Although the Bible Challenge is formally a one year commitment, the goals of the Center for Biblical Studies are to inculcate more permanent habits. As Fr. Zabriskie puts it, the aim is not to inspire people to read the Bible in a year and then move on to other great books; rather, the Bible Challenge provides a point of entry, whose end is to foster a “lifelong, spiritual, daily discipline” in reading the unique Word of God. This seems to be working: when I asked parishioners at St. Thomas’ whether they had done the Bible Challenge, they nodded and said: “We’re in our second year.”
Making Sense of the God of the Old Testament: 27–29 April 2012
“Making Sense of the God of the Old Testament” is the first conference the CBS has hosted. Only about a quarter of the registered participants, however, come from St. Thomas’. In addition to attracting people from neighboring cities in Pennsylvania, the conference has drawn attendees from as far as Easton, Maryland; Arlington, Virginia; Hendersonville, North Carolina; Nashville, Tennessee; South Bend, Indiana; and Mystic, Connecticut.
The theme for the conference was sparked from conversations among participants in the Bible Challenge at St. Thomas’ Church. Time and again, as Fr. Zabriskie led discussion groups called “Intelligent Talk about the Bible,” people would notice a seeming difference between the God of the Old Testament and the God of the New. This prompted the inevitable question: “Do Christians worship two gods?”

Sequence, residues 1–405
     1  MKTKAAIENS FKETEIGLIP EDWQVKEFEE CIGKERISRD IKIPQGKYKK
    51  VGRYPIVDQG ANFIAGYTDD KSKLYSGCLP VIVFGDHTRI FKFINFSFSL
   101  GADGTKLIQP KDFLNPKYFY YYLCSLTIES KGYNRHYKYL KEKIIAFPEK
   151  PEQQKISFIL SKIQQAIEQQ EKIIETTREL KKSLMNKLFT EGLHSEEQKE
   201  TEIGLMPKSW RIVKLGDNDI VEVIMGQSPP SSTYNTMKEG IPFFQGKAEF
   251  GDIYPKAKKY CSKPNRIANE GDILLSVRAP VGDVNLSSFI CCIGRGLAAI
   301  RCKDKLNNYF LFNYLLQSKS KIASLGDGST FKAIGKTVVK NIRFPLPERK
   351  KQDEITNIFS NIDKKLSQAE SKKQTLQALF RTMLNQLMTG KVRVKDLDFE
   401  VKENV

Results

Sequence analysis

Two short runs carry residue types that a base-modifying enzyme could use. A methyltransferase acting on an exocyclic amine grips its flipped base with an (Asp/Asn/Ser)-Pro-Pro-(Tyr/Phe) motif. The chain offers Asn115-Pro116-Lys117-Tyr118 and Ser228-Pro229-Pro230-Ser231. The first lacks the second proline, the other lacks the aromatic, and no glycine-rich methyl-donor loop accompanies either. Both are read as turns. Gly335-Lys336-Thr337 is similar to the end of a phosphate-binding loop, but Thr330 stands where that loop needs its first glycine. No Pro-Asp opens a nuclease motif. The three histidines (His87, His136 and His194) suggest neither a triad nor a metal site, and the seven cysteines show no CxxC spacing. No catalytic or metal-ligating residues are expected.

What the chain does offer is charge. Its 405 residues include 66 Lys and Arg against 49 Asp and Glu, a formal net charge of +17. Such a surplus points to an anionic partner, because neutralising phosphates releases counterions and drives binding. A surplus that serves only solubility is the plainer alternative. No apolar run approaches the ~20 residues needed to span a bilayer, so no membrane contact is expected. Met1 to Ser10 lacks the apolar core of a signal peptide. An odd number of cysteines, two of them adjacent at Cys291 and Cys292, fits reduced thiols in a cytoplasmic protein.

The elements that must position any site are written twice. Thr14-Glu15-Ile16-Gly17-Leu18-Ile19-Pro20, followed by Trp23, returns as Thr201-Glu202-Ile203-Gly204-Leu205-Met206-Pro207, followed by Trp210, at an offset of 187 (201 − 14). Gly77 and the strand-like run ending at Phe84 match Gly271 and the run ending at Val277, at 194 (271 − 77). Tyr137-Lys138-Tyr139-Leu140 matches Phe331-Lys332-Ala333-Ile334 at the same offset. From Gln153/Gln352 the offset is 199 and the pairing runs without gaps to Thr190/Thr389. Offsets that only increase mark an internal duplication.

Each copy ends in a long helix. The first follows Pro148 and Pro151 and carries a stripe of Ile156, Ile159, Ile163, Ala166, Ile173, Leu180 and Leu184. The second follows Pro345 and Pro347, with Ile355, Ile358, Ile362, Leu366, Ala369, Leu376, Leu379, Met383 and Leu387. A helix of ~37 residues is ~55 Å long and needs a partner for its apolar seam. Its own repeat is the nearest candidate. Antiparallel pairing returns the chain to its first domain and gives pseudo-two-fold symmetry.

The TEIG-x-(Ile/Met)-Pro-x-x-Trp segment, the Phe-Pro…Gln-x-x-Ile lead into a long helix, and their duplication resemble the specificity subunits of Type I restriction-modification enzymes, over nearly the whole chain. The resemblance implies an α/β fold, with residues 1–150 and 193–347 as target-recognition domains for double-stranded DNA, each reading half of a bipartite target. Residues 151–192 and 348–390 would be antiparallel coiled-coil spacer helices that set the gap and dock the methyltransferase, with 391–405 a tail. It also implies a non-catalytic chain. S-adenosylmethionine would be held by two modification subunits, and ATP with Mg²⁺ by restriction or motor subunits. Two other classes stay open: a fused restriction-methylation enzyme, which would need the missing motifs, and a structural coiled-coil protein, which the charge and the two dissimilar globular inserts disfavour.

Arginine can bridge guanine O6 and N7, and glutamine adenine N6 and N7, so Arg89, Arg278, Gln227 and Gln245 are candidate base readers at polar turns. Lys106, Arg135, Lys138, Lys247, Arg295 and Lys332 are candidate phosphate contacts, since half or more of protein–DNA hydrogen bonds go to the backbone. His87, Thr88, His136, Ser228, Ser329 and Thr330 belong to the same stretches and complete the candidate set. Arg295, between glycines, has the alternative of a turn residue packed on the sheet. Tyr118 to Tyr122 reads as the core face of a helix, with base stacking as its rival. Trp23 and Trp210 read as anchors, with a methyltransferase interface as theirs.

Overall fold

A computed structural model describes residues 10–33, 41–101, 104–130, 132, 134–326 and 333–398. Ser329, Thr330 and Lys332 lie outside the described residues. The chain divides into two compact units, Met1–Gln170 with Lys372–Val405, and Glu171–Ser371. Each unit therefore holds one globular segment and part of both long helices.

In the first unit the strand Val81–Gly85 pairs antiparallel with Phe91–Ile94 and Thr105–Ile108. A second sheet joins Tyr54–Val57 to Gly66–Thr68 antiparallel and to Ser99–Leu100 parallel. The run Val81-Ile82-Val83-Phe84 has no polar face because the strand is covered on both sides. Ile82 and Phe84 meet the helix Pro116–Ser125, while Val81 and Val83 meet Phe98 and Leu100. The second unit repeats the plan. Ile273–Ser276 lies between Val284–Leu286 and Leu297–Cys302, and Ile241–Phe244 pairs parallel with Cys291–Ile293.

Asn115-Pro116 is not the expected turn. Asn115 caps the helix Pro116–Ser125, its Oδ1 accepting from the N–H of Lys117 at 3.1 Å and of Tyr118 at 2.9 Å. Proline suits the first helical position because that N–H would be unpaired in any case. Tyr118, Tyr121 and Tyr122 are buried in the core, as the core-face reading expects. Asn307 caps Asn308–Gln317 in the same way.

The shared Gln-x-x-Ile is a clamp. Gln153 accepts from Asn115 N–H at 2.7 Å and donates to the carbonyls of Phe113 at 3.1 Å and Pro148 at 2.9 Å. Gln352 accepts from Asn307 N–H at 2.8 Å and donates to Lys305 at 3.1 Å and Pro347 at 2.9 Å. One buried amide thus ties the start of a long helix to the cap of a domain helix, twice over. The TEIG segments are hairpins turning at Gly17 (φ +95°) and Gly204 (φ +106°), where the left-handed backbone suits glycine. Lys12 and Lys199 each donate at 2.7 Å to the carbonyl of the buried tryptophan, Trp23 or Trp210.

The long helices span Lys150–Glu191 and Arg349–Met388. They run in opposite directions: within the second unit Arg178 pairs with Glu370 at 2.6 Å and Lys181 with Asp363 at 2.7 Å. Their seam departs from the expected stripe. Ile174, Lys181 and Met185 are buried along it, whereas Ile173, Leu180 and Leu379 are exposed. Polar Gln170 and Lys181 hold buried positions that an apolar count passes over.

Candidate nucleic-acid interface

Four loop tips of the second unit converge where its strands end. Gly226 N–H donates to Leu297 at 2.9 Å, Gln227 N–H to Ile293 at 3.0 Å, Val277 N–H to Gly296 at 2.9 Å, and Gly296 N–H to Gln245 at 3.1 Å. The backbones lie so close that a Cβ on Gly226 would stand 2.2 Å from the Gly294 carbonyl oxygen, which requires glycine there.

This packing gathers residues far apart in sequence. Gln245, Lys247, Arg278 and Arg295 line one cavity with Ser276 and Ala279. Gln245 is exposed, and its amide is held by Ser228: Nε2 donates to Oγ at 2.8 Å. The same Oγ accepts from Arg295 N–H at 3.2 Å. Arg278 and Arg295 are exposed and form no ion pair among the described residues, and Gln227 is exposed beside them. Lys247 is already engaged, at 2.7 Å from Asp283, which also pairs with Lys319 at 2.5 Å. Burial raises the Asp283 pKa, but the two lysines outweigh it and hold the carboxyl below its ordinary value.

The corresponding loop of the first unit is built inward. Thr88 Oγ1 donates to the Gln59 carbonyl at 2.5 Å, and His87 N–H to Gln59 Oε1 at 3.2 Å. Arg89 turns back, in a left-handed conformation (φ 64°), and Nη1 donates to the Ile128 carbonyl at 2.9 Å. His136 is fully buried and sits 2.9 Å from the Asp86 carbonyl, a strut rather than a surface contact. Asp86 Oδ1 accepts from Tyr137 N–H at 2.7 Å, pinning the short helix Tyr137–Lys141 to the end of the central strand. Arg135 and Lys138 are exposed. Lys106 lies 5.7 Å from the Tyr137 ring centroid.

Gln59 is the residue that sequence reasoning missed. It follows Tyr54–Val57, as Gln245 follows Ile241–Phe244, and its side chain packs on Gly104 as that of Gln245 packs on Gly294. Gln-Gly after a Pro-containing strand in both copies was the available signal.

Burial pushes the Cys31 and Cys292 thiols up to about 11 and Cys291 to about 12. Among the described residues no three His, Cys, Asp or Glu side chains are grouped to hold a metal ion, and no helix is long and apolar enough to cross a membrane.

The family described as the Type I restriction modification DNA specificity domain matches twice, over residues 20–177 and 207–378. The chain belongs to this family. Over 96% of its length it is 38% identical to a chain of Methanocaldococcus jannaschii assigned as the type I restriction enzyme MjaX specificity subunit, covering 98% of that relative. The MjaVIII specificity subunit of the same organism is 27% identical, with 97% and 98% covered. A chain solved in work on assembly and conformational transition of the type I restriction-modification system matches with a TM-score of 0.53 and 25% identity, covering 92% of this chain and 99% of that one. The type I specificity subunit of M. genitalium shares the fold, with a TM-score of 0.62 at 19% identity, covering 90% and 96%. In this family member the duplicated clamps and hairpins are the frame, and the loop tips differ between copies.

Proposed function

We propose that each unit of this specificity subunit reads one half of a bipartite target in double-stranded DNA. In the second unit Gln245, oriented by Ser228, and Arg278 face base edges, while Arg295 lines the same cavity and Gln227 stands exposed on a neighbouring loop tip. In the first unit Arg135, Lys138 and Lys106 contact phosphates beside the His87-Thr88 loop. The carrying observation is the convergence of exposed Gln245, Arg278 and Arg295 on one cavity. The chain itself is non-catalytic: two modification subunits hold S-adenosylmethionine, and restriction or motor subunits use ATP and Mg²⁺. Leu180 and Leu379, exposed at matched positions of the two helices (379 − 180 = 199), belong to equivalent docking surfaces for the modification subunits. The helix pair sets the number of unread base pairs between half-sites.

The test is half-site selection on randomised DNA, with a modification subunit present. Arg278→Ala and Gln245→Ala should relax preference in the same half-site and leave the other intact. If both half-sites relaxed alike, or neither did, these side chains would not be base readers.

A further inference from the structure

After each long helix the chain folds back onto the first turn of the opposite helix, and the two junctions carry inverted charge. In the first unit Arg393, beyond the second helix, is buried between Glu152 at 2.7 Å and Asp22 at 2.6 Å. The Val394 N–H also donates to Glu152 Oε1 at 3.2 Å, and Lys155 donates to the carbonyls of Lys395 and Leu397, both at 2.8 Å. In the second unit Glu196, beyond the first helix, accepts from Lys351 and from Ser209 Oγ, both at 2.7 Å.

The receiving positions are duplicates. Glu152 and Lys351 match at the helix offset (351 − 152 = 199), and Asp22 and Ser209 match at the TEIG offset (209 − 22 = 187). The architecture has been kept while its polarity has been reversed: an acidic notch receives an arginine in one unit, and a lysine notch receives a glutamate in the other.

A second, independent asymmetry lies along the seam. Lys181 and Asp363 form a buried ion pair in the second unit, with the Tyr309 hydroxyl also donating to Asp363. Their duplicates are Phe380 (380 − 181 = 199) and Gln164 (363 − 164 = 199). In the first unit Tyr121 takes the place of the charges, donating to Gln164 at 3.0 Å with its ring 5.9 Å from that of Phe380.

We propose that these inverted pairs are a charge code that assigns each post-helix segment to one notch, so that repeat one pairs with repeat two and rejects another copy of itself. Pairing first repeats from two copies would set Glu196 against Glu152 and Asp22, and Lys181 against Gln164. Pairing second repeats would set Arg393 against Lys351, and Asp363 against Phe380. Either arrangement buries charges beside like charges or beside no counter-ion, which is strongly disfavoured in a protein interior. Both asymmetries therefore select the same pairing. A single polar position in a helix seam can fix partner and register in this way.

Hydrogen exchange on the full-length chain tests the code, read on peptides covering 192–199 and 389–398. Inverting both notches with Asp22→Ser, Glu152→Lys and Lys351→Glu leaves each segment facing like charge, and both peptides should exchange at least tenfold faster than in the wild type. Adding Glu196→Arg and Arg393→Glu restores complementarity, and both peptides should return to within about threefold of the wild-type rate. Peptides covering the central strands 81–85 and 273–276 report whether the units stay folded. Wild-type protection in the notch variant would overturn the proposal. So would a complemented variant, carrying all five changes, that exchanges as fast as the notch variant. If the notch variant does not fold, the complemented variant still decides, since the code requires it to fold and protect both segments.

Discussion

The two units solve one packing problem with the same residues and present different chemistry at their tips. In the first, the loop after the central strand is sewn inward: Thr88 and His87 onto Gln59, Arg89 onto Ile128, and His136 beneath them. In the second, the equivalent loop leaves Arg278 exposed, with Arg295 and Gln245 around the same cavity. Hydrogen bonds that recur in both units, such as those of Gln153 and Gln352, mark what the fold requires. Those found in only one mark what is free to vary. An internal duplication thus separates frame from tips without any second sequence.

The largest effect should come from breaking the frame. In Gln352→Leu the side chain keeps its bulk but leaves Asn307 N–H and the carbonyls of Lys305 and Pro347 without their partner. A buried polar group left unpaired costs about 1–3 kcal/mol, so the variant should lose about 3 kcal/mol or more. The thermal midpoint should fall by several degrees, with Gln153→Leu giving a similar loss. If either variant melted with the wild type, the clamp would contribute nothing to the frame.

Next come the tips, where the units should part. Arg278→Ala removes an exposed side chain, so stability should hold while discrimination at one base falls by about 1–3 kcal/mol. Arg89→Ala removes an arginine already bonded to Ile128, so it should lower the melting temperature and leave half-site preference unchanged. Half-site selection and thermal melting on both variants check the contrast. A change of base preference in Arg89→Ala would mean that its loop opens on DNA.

The necessary answer to this question, as Professor Sharp pointed out yesterday evening, is “No”: to say otherwise would be heresy. But simply saying “No, we do not worship two gods” does not answer all the questions that a thoughtful Christian might have. Hence the need for further discussion.
“Making Sense of the God of the Old Testament” is not the first conference to address the difficult issues of God’s character in the Old Testament. For instance, the Center for Philosophy of Religion at the University of Notre Dame hosted an interdisciplinary conference in 2009 on a similar subject entitled “My Ways are Not Your Ways,” featuring talks by analytic philosophers including Bob Adams, John Hare, Eleanore Stump, Richard Swinburne, and Nicholas Woltersdorff, as well as biblical scholars Gary Anderson and Christopher Seitz. The proceedings of this conference were published in the monograph: Divine Evil?: The Moral Character of the God of Abraham (Oxford, 2010).
To my mind, however, the CBS conference stands to make an important contribution on a number of scores. I’ll highlight just two. In the first place, this conference features top-flight Biblical Studies professors, but is being held in the context of a parish. On Sunday morning, Professor Sharp, recently ordained to the priesthood, will be celebrating the Eucharist with conference attendees. On Sunday evening, Professor Brueggemann will be preaching at Choral Evensong. The integration of faith and scholarship offered by the CBS is a model for future conferences where the church may come alongside the academy and reclaim its place as both a house of prayer and a house of study.